May 28th, 2019

Golf in Bavaria - Part 1

Golf und Bier - What’s not to like?

“Fancy playing in Bavaria?” came the call. Visions of steins of beers and shouts of prost from froth moustachioed faces sprung to the mind as I nodded furiously. Ok grab your clubs you’re off to The Quellness Resort.

“Hold on what is this Quellness Resort and do they play golf in Bavaria?” I asked. As I was to learn, Quellness is the single largest golf resort in the whole of mainland Europe and Bavarians think golf is wunderbar!

Golf in Bavaria - Part 1

A two hour flight from London Heathrow and we are touching down in Munich. The car journey to the Quellness resort in Bad Griesbach is a little of a balls ache at 2 hours but this is to change in November when a new autobahn opens and cuts the journey time in half.

Arriving at the resort it is clear why it is viewed as a hidden haven for the keen golfer. There is access to five 18-hole championship courses (three of which are the work of Bernhard Langer), three nine-hole courses and an amazing Golfodrom, with 210 bays, and a massive 18-hole in-door putting centre.  Add to this a six-hole practice course and a ‘junior course’ for children under 18 and this brings the resort total to 129 golf holes.

Golf in Bavaria - Part 1

In addition to the golf, the resort has three hotels, all with their own spas, which include hot thermal springs. Health and wellbeing form a big part of the Quelleness experience with the name being the combination of “Quelle” which means spring or source in German and “Wellness”.

A word of warning, the sauna experience is a liberating one in Germany with swimmers frowned upon. So, it is commando only when unwinding after a day on the links.

We are staying at the main hotel, Golf Hotel Maximilian, which is the resort’s 5 Star, luxury offering.  Naturally we found our way to the massive bar and seating area, which you access via an impressive wooden staircase from the hotel lobby.

Golf in Bavaria - Part 1

Day one and it’s off to the Bernhard Langer designed Porsche course. Odd name I here you say but it shares a clubhouse with the Beckenbauer course so there seems to be a theme going on.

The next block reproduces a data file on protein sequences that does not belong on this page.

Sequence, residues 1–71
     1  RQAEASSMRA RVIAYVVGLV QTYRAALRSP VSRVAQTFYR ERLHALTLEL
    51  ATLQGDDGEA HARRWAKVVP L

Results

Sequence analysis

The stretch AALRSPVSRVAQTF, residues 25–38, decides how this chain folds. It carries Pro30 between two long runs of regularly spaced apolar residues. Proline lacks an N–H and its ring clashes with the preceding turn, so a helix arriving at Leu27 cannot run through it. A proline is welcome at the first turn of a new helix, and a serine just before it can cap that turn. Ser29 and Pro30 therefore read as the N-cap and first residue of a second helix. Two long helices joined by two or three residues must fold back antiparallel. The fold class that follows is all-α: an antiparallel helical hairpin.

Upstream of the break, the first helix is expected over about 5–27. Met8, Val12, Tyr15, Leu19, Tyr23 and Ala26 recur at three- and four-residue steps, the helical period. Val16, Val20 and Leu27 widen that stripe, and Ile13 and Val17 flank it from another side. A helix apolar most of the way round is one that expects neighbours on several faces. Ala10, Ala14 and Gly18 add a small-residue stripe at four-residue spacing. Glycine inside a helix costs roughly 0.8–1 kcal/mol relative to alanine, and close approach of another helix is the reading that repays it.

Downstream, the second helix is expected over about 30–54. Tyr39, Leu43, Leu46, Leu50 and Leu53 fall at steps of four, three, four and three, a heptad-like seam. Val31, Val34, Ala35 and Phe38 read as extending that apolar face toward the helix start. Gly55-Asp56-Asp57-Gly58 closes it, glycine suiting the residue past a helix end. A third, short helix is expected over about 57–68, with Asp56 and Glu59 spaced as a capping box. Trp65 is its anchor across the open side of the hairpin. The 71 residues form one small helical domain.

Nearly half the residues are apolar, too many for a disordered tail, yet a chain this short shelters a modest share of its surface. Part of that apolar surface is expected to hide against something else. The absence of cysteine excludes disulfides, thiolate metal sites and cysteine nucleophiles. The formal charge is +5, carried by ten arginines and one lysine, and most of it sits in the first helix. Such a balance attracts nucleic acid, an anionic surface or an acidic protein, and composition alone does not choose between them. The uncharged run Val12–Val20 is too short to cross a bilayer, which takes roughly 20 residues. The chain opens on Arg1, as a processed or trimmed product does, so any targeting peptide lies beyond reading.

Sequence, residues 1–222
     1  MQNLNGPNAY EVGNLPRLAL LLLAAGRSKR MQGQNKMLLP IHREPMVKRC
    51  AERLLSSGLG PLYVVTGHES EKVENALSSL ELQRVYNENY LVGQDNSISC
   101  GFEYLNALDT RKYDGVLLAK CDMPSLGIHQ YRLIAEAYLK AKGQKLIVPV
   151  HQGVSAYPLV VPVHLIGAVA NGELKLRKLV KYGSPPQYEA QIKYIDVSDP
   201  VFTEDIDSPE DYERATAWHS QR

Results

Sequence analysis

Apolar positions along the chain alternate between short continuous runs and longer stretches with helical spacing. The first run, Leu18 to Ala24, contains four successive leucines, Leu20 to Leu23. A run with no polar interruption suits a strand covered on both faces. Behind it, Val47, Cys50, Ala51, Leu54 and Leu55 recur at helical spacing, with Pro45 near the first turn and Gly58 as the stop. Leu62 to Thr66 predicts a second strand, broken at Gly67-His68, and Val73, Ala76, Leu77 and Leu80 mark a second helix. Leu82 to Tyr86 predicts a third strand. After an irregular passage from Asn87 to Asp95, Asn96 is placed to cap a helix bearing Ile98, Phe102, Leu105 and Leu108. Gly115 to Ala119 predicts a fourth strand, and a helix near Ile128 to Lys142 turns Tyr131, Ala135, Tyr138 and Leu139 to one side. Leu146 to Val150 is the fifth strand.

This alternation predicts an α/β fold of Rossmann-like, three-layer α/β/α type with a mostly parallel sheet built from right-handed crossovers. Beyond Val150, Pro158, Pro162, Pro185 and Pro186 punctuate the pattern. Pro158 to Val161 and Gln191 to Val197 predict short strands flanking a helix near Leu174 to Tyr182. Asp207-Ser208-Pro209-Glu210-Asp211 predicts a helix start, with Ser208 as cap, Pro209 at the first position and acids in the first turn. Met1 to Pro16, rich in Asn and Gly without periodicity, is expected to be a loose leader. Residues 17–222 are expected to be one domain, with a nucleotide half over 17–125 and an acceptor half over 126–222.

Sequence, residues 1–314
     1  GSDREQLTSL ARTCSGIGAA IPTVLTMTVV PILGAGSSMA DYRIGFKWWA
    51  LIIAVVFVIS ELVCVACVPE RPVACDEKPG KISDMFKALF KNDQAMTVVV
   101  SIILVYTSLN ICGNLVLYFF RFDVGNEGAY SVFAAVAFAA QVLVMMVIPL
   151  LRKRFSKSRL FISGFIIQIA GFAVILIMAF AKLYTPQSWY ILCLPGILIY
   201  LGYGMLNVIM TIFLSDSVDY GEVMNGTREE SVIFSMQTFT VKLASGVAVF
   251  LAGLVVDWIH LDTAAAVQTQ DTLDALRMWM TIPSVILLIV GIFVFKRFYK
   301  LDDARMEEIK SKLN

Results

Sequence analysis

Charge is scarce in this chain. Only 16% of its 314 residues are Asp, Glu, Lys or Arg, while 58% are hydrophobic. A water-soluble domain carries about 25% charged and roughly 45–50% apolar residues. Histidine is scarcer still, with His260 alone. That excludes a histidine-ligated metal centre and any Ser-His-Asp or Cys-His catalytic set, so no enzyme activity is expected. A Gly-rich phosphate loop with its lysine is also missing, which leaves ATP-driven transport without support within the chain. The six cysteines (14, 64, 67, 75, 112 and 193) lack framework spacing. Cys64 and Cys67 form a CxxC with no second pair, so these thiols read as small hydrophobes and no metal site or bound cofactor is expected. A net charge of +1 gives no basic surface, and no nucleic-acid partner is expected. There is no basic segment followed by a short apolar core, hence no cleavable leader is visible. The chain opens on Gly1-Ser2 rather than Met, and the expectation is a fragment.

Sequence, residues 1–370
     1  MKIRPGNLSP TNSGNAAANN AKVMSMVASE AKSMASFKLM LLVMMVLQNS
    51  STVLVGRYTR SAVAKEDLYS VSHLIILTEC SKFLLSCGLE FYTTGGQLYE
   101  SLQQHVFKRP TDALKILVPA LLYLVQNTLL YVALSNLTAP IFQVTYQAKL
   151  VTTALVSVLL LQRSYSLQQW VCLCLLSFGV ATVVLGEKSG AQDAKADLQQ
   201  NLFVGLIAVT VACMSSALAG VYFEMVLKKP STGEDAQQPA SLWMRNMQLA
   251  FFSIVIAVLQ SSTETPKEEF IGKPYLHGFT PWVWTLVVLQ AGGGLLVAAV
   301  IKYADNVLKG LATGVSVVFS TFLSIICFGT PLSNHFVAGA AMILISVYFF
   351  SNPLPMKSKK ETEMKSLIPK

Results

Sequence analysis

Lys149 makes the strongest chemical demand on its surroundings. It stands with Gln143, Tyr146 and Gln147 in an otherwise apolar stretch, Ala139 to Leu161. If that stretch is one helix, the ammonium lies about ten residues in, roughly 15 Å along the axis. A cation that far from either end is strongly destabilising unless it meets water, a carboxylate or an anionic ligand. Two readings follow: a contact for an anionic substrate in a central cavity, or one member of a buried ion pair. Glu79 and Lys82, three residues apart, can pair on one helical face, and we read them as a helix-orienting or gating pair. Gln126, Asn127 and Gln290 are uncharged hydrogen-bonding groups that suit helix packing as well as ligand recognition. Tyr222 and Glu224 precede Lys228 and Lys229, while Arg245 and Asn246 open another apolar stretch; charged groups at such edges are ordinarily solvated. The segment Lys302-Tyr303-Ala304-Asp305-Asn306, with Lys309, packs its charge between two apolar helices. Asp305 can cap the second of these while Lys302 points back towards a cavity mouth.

The championship course is 6,037 meters (6,602 yards) off the tips but there is a choice of three other tee options. It may be early in the season, but the course is very well presented, with the greens running fast and true. It does have the feel of an American style resort course but that is no bad thing.

Golf in Bavaria - Part 1Porsche course - Par three, 13th hole

The River Rott forms a natural boundary to the course and so bring plenty of balls as the water come in to play on a number of the holes. We managed to pick up a few retrieved balls at a bargain price of one euro.

The course is relatively flat as it sits within the River Rott’s flood plain, so there are limited elevation changes, but it is very well defended by water and strong bunkering. There are no weak holes on the course, and it’s a joy to play.

Golf in Bavaria - Part 1

Porsche course 

After a light lunch it’s time to take on Langer’s other creation the Beckenbauer Course. The course is a similar offering to the Porsche with the River Rott coming in to play again once again with water featuring on thirteen of the holes. It’s a beast off the back tees at 6,500 meters (7,108 yards) so off to the yellow tees we trot, which themselves are no push over at 6,078 meters (6,646 yards).

Golf in Bavaria - Part 1

Beckenbauer course and River Rott 

The Beckenbauer course was the home of the Porsche European Open from 2013 until 2017 and is clearly the tougher of the two courses. However, the Porsche is arguably the more interesting and more pleasing on the eye.

Golf in Bavaria - Part 1

Beckenbauer course and clubhouse 

After the aforementioned sauna it was a shower and change and time to sample the delights of Bavarian cuisine. German cooking has never really made inroads into the UK, after all, we’re not exactly used to popping out for a quick German. However, there is much more on offer than Sauerkraut, and Wiener Schnitzel.

The menu does rather major on meat and potatoes but there were other options such as the local asparagus which was in season. White, fat and succulent, it was quite different to the thin green offering we are used to in the UK.

Golf in Bavaria - Part 1

One of five restaurants at Maximilian Hotel

As a desert fan you must try the apple strudel, it comes with vanilla custard and is the staple desert of the region.  It is also quite simply delicious!

As the home of Oktoberfest, Bavaria is obviously synonymous with beer. With 40 different types brewed in the region, and over 400 different brands to choose from, Bavaria is heaven for any beer lover. It’s great value too with a pint coming in at just over two quid.

If you're not a beer lover Quellness is close to the Border with Austria and it’s delicious wines, with many options you might struggle to find in the UK.

Golf in Bavaria - Part 1

Max, purveyor of fine wines

And so, as Day 1 draws to a close, I toast my hosts with a local Schnapps in hand, courtesy of Max, the barkeeper. A powerful little number which could put a dent in your swing on the following morning if you get carried away.

The adventure continues...

Golf in Bavaria – Part 2

Golf in Bavaria - Part 1

TAGS: Travel, Golf Germany, Quellness Golf Resort, Golf Bavaria, Bavaria, Germany, Golf Europe